Not every part of life can be a cozy snooze, but being able to find times and places where you can relax is very important (most especially when you’re stressing). I’ve found some of the following areas to be helpful for me to tease out those moments of calm.
Find some music that you like and that helps you to feel calm. This could be your favourite albums or something specifically meant to evoke positive feelings. A few pieces that have been enjoyable for me in the last little while:
- State Azure
- Urban Dreams by Kebu
- In Other Waters by Amos Roddy
- In Time by Stellardrone
- Ambient Relaxation playlist on Spotify
Escapism and distraction aren’t great as long term solutions, but using them in moderation can give you a mental break. Some games (like Factorio or Civ) can gobble up hours and hours – that can be a challenge on its own, but sometimes it’s just what you need. Some games that I have found to be fun for passing some time recently:
- Spelunky 2
- Civilization 6
- Powerwash Simulator
I have done a relatively small amount of “real meditation”, but I have definitely found it to be effective. For me, guided meditation using apps has had the most impact. There are free videos you can find on YouTube or audio/podcast versions as well, but I find those tend to be very clickbait-y and try to cram in as many pseudoscientific buzzwords as possible. For me, the value of the process comes from getting into a state where you can let your mind wander to what it desires, then actively allowing those thoughts to pass you by. This can be especially helpful with reducing the occurrence of those times where you feel like you “can’t stop thinking” before you go to sleep.
A couple of apps that I’ve tried:
- It has a nice design and I think the recordings are well-made. I thought the structure of the app was good in that it helped introduce you to the ideas of meditation and also had areas for daily use once you were experienced.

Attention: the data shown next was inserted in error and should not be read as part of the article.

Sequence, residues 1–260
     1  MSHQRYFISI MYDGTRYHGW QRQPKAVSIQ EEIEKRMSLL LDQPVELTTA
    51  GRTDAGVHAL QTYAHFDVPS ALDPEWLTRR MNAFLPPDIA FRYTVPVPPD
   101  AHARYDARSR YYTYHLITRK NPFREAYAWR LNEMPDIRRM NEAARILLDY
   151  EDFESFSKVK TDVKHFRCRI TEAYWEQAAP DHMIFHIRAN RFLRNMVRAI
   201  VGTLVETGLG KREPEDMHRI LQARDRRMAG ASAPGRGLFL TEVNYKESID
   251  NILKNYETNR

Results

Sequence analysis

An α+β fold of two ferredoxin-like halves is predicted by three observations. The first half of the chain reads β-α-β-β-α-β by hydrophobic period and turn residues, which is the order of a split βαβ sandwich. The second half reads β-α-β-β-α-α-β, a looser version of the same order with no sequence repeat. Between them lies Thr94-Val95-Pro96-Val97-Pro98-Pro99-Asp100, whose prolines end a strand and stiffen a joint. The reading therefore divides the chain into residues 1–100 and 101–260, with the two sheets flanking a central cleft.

- The “adaptive” features (you fill out a little survey about how things are going and then the next voice recording will reference those responses) felt a little forced at times, but it did make it feel more like you were interacting with the coach one-on-one.
- The downside to me is the cost. I’m still not ready to pay for their premium service at CAD $93/year (as of June 2023). They do offer fairly frequently to allow people to have a full year of their premium service for free, which is a very generous offer.
- The Medito app is not quite as polished as Balance, but it is offered by a non-profit and doesn’t charge a subscription fee. The audio is very good quality, and I think Medito is a very good option if you don’t want to pay for an app.
Something that stresses me out is loud, obnoxious noise from others like the inconsiderate stomping of an upstairs neighbour. If you can’t remove yourself from the noisy area, I’d suggest trying noise cancelling headphones and/or adding noise recordings (music services have a bunch of these for some reason, or use something like myNoise or Dark Noise) to block or cover up the sound so you aren’t thinking about it as much. I also try not to live in absolute silence and have some fan or air filter running to provide some real-world background noise.
Moving around and moving to a new location can help clear your mind. A nice 15 minute walk around the block can really help to reset your perspective and remind you that there is a whole world out there. This can be difficult to do when the weather is bad, but as someone who lives in the often-frozen Canadian prairies, it can still be done even if it’s cold and snowy outside – you just need to plan ahead and prepare a bit more!
Coupled with going outside, starting an exercise routine of any kind is a huge help. Similarly to going for a walk, it helps give you something else to focus on that also lets you improve yourself over time. That nervous energy will tend to diminish as you tire from the workout as well. I find that it’s much easier to go to sleep on a day where I’ve had a good workout.
Catch Up With Friends
If you’re geographically close enough to do it in person, get a drink or share a meal with one or more friends. Sitting around a table together and catching up is a one of my favourite things to do with friends. The limited size of the table also helps to keep the number of attendees from becoming too overwhelming. Large parties tend to drain me a lot more than chatting with a few friends over dinner and a drink or two.
If you aren’t in the same place, do video calls now and then! I’m bad at remembering to organize them regularly, but once the schedules finally all line up, it can be nearly as good as meeting up in person.
Make a List
Once you’ve found some things that help you relax, make a list (not unlike this one) that you can use when you need it. It’ll leave you with one less thing to do when you’re feeling overwhelmed.